Shifting Perverse Incentives: A Good Reason the Affordable Care Act was Upheld
The recent decision of the US Supreme Court upholding the Patient Protection and Affordable Care Act (ACA) will have scores of consequences. One not frequently mentioned should be of particular interest to all consumers. This is the ACA’s steps to redress what policy wonks call the “perverse incentives” in our current medical payment system.
This is a shift that led the CEO of Minnesota’s huge Allina Hospitals and Health System to state that “for the first time ever, the payment will change toward keeping people healthy.”
Associating “perverse” with something as intimate as the decisions one of your medical practitioners makes in treating you can feel extremely discomforting. I suspect most of us retreat to a belief that maybe this is true of others’ doctors. Our own, we assume, would never let that be an influence.
Yet the perversity in fee-for-service system is systemic and undeniable. Each practitioner makes more money as each performs more procedures. This applies to stent placement by a heart surgeon, organ removal by a surgeon, or an adjustment by a chiropractor.
In a fee-for-service system, the more volume of such procedures each performs, the more revenue each generates. Such thinking transfers upstairs to budgeting by hospital executives. Economic incentives push decision-makers to celebrate the number of heart surgeries performed in a given month, rather than the number of patients who avoided them through better health.
The endpoint is a system that is organized to prosper when we are sicker. Our doctors, hospital administrators, pharmaceutical providers, and medical-device manufacturers are deeply invested in disease.
We would hope, at least, that these extra services were good for us. But are they?
In 2008, three leaders at the Institute of Medicine (IOM) published an opinion piece in the Journal of the American Medical Association entitled “From Waste to Value in Health Care.” The IOM is considered by many to be the brains of US medicine. They state: “Higher healthcare spending does not correlate with higher quality of care or better patient outcomes.”
They add that 30 to 50 percent of what is done in medicine—over $1 trillion annually—is waste, and “much of that harmful.” Medical journalist Shannon Brownlee subsequently explored these issues deeply in her highly regarded best seller entitled Overtreated: Why Too Much Medicine is Making Us Sicker and Poorer.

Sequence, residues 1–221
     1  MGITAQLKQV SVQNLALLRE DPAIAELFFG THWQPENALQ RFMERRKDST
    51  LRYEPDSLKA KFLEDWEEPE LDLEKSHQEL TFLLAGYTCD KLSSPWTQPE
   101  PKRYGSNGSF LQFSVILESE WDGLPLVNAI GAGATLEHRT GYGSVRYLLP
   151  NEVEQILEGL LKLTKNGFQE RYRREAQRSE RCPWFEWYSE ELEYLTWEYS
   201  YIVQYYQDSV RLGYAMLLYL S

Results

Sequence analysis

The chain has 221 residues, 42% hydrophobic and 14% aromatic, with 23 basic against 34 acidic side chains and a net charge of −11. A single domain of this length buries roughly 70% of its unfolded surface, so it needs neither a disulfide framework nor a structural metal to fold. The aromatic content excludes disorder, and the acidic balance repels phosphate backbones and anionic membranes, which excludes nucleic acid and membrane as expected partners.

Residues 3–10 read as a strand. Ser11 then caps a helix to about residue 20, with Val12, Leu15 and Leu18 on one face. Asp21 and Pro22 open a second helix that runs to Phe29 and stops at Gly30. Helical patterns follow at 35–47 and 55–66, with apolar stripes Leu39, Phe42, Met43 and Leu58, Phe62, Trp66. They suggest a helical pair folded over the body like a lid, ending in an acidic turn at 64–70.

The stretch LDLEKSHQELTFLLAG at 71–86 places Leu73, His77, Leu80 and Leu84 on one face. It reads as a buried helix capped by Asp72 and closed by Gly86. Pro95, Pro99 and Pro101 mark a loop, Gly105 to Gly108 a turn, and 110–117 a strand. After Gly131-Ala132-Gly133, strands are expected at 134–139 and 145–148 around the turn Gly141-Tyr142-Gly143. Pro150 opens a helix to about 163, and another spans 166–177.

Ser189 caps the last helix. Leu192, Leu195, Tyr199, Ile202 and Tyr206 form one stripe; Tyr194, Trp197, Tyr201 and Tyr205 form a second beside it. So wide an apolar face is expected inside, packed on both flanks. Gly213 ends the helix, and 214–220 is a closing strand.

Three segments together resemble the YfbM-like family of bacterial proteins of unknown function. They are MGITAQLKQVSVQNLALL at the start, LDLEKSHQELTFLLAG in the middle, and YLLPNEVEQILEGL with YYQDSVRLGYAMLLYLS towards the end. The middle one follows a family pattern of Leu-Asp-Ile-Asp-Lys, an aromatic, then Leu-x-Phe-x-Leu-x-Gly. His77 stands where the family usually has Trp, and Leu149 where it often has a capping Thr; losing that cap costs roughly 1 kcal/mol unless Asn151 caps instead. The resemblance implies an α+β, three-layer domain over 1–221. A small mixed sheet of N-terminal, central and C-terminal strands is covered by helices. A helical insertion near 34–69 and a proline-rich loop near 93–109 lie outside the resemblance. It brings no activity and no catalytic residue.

Bottom-line: None of us should reasonably assume that our own practitioners are immune from the forces of these economic drivers.
The perversity has another ugly impact on our care. What incentive does a practitioner have to refer optimally to other providers as part of an integrated team? Each is paid in his or her own payment silo. The payment structure even influences the education of our health professionals. Education follows payment patterns. Each discipline is typically educated with little concern for teaming up with other practitioners in the best interest of patients.
Each of us, literally, has skin, and multiple other organs, in this game.
Happily, the architects of the ACA counter these incentives in many ways. The ACA supports development of Accountable Care Organizations (ACO) and Patient-Centered Medical Homes. In these combined delivery-reimbursement models, payment is linked not to volume but to outcomes. High patient satisfaction is rewarded.
With the Supreme Court’s decision, medical systems across the country are scrambling to learn how to deliver care in which their bottom line is no longer dependant on the ka-ching of each procedure.
Here is an example of the transformation this new thinking is producing: We are all accustomed to the idea of a hospital “discharge.” This is an ugly word for sending patients off without much consideration for what kind of follow-up care they will receive after one or more deeply invasive and expensive procedures. New Medicare rules penalize hospitals if their re-admission rates are high. As a result, administrators are invested in developing teams to “transition” rather than “discharge” patients into the outpatient environment.
This shift in direction toward team care is supported by work through the Health Resource Services Administration (HRSA). Under administrator Mary Wakefield, RN, PhD, the HRSA has taken a lead in promoting interprofessional education. This commitment recently led four major foundations to fund the $8.6-million National Center for Interprofessional Education and Collaborative Practice at HRSA. Not surprisingly, better communication is linked to less waste and harm.
In addition, under the ACA, new team members who espouse a health-focused philosophy are included via a non-discrimination rule. This rule, Section 2706, opens doors to greater inclusion of licensed complementary- and alternative-medicine practitioners. Even a potential role for health coaches gets a historic first mention in federal statute.
The road ahead in creating these new structures is rocky. ACO payment plans are still not fully aligned with quality care. Yet consumers should be pleased that under the ACA, attempts are being made to reverse the perverse incentives that have generated the pattern of costly and harmful outcomes from overtreatment.
It was a new sort of music to hear Allina’s Ken Paulus tell an audience last November that, under the new payment incentive models promoted in the ACA, “for the first time in 100 years, it will be our job at Allina to keep the village healthy.” Now that sounds like health reform.
John Weeks is the editor of “The Integrator Blog News and Reports” (theintegratorblog.com), a leadership-oriented news, networking, and organizing journal for the integrative-medicine community, and a columnist for Integrative Medicine: A Clinician’s Journal.